An Internet Marketing Plan, which includes the factors listed later in this essay can be the difference between “Go big or go home”. Every company worth its salt sets out to become the next big thing, especially in this day and age when some startups are being acquired for Billions. YouTube was acquired for $1.6 billion by Google in what now seems like a steal, Instagram was acquired and hired by Facebook for $1 billion and most recently Tumblr was acquired by Yahoo! for $1.1 billion in cash.
Similarly, startups like Twitter, Pinterest, Airbnb, Spotify and SurveyMonkey are all well-known privately held companies with valuations over a billion. What have these companies done to reach this prestigious and lucrative club? The answer is actually rather simple. When they all started growing, they were able to achieve a rate of growth that is exponentially faster than the norm. How did they achieve such fast growth, you ask? Did they advertise a lot using PPC, as well as TV and radio advertisements? Do they happen to have amazing social media strategy or grow due to strategically fruitful joint ventures? The answers to all of the above questions are ” NO “. They did not do any of that, in fact all of these companies grew based on viral growth from one user to the next. People shared them among their contacts openly and freely promoting, endorsing, and encouraging adoption.
Viral marketing growth is one of the most important aspects of growing your startup and if you ever want to enter the Billion Club, your users must spread the word both freely and willingly.
As the name suggests: ” Viral ” is something that can replicate itself from one person to the next. On the internet, it spreads via, social networks, search engines, emails, instant messaging, mobile devices and gets instantly enhanced when the networking effect begins to compound.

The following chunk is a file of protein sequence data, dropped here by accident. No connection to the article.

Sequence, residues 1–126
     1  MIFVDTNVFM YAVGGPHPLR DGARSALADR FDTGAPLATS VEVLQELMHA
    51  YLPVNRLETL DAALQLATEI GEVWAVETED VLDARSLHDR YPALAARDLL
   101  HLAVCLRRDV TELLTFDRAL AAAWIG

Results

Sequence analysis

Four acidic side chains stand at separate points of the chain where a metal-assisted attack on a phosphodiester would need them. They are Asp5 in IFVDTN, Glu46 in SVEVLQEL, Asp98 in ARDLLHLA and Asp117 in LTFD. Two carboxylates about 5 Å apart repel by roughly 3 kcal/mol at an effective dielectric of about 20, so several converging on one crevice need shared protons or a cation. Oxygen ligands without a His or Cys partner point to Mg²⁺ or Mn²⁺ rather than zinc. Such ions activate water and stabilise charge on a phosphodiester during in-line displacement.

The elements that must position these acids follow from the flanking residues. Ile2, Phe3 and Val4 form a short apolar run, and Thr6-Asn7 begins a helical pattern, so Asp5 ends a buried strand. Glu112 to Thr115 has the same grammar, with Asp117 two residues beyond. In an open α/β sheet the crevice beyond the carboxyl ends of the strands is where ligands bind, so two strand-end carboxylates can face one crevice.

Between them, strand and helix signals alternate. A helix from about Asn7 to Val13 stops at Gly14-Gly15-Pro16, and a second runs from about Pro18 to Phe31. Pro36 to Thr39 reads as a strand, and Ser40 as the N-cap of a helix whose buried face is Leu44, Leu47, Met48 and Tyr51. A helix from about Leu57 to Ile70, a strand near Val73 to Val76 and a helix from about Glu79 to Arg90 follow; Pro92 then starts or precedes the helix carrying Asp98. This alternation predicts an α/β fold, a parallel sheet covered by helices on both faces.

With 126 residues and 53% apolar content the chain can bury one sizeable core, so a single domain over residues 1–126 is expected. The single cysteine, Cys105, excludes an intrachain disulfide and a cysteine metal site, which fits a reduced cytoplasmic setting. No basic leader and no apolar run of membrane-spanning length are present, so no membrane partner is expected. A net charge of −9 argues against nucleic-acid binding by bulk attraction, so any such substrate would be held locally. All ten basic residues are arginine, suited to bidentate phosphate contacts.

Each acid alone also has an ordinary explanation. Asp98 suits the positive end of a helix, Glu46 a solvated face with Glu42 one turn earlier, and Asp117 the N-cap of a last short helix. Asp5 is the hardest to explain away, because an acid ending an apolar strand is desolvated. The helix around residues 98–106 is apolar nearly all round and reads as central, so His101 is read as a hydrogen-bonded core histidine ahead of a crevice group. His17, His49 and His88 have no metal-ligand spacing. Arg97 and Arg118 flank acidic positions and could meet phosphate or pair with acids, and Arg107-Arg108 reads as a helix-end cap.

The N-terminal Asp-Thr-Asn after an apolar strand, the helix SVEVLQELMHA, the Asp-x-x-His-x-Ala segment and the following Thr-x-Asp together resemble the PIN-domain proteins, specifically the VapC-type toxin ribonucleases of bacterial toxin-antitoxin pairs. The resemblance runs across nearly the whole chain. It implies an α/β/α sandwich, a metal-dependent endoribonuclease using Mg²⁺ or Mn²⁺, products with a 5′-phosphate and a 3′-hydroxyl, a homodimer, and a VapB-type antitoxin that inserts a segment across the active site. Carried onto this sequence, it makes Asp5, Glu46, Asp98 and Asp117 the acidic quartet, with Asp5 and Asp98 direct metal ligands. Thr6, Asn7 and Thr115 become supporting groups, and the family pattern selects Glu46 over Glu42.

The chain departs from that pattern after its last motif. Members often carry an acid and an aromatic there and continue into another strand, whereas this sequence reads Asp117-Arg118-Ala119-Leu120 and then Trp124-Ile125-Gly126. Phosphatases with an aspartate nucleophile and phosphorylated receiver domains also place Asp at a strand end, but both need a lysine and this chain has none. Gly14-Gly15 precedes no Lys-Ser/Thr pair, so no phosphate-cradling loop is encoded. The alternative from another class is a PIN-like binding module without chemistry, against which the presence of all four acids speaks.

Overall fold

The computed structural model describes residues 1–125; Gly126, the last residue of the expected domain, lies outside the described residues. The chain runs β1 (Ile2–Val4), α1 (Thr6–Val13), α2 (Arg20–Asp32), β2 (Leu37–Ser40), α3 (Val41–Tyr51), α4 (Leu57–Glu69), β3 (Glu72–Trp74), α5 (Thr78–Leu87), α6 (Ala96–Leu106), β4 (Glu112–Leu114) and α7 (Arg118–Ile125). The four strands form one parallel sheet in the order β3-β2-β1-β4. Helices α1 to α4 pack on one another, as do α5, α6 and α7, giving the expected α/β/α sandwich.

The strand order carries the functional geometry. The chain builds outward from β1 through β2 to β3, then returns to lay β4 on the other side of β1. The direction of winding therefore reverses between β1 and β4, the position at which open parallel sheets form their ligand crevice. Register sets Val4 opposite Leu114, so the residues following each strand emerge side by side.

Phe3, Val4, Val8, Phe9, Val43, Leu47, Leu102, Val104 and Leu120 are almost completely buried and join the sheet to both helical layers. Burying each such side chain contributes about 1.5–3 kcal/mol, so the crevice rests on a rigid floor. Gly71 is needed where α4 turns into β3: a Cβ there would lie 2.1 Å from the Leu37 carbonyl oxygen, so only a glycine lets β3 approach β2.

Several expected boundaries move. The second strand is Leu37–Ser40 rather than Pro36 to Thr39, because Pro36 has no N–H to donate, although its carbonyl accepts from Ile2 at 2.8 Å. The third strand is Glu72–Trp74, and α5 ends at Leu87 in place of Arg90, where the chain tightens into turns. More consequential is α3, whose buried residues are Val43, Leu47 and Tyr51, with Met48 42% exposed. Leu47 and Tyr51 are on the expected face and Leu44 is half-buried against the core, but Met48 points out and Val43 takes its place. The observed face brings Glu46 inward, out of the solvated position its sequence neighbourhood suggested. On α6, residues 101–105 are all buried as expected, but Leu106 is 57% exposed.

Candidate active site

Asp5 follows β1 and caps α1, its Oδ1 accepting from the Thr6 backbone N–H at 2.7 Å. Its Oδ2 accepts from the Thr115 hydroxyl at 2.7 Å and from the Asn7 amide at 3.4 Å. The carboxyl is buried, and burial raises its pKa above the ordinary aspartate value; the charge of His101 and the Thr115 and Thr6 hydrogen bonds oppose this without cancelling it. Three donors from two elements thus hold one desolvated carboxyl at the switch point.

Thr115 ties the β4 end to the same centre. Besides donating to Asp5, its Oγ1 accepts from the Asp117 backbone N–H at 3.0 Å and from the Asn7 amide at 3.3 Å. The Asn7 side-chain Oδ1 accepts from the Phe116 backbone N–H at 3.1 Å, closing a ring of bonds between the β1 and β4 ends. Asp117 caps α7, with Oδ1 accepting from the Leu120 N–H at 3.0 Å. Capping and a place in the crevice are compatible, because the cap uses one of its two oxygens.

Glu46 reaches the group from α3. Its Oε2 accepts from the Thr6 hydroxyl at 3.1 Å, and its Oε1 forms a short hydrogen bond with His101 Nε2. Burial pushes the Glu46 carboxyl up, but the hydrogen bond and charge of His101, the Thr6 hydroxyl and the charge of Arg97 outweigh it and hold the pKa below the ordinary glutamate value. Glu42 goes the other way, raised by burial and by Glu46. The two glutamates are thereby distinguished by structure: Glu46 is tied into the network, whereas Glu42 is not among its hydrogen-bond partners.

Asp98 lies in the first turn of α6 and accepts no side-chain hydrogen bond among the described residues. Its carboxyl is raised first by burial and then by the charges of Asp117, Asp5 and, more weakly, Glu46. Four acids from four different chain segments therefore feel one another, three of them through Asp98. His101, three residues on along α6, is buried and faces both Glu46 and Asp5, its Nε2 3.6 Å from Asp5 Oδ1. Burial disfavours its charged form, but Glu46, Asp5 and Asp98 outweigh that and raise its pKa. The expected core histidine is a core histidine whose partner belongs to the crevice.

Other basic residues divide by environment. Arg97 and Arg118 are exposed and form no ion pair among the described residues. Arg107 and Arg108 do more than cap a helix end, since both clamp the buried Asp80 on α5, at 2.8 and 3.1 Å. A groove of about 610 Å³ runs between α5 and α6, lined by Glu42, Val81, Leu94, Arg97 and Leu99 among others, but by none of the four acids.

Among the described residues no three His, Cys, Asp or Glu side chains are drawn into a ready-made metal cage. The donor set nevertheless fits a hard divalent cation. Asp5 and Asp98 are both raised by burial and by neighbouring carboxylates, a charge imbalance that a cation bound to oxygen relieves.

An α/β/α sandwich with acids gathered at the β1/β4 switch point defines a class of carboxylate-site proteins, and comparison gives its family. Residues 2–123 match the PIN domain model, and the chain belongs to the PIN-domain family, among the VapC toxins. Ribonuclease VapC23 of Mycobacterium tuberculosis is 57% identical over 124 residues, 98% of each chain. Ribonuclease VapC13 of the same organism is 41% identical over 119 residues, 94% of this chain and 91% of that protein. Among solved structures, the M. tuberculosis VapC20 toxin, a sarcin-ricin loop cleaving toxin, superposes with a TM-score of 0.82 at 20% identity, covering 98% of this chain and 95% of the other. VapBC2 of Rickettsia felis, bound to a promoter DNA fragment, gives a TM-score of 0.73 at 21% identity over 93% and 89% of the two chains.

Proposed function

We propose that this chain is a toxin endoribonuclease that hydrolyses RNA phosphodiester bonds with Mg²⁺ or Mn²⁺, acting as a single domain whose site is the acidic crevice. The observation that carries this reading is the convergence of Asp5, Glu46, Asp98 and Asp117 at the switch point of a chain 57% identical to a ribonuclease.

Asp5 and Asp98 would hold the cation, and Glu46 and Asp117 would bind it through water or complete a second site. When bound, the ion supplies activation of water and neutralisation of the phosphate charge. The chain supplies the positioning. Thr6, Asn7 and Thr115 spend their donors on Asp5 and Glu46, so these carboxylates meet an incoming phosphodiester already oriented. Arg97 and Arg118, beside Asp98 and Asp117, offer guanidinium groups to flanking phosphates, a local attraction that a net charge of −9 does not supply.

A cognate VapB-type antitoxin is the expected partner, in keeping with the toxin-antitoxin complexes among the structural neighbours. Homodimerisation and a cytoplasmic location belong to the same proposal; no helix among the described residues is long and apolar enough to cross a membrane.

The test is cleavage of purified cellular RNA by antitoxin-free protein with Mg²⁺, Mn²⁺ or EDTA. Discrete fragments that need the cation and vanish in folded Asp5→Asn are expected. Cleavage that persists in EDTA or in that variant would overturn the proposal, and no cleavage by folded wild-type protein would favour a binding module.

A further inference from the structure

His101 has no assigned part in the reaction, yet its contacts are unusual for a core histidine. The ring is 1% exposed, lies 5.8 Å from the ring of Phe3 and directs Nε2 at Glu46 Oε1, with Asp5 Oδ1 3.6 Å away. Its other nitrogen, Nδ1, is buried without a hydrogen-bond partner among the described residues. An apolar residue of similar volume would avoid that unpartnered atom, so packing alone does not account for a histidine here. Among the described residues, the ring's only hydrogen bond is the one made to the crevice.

In the real world ” Viral ” is simply called word of mouth marketing. Let’s take the simplest of examples first; when you see a good movie, do you tell others? How many people can recall “I’ll be back” the famous catchphrase used by Arnold Schwarzenegger, in the 1984 science fiction film The Terminator. People used it freely and it became one of the top movie catchphrases of all time. Almost every single movie makes it or breaks it based on the word of mouth. In fact a highly successful movie has the public doing all the promoting, endorsing and encouraging to the masses for them.
“Why do you wanna fight?” asks Adrian. “Cause I can’t sing or dance,” replies Rocky. With a budget of $1 million, Rocky made $225 million at the box office, giving star and creator Sylvester Stalone a percentage return of over 11,000%. Wow. How exactly did that happen?
The Blair Witch Project, was shot by a simple camera and filmed in just eight days, made over $248.3 million. With a budget of only $600,000 the return on investment for the film was more than 20,000%. Amazingly, the film advertised very little but was able to thrive thanks to viral marketing.
Whether it is a movie, startup or any other venture, the viral spread must pass from one person to the next in an efficient and simple process. It should be a streamlined distribution model where one user cannot wait to tell his entire network the news he has discovered.
To determine viral marketing growth for any venture, what needs to be determined is fairly similar:
1. What will make you grow = your main message (not necessarily your unique selling point but your Unique Spreading point)
2. Initial Liquidity = where will the initial users come from
3. Spread rate = How many people will each user invite
3. Conversion rate = how many people will see it and actually join
4. Cycle time = CT (time it takes for invite cycle to reach from one person to the next)
The Viral Coefficient (K) = (invites * conversion rate)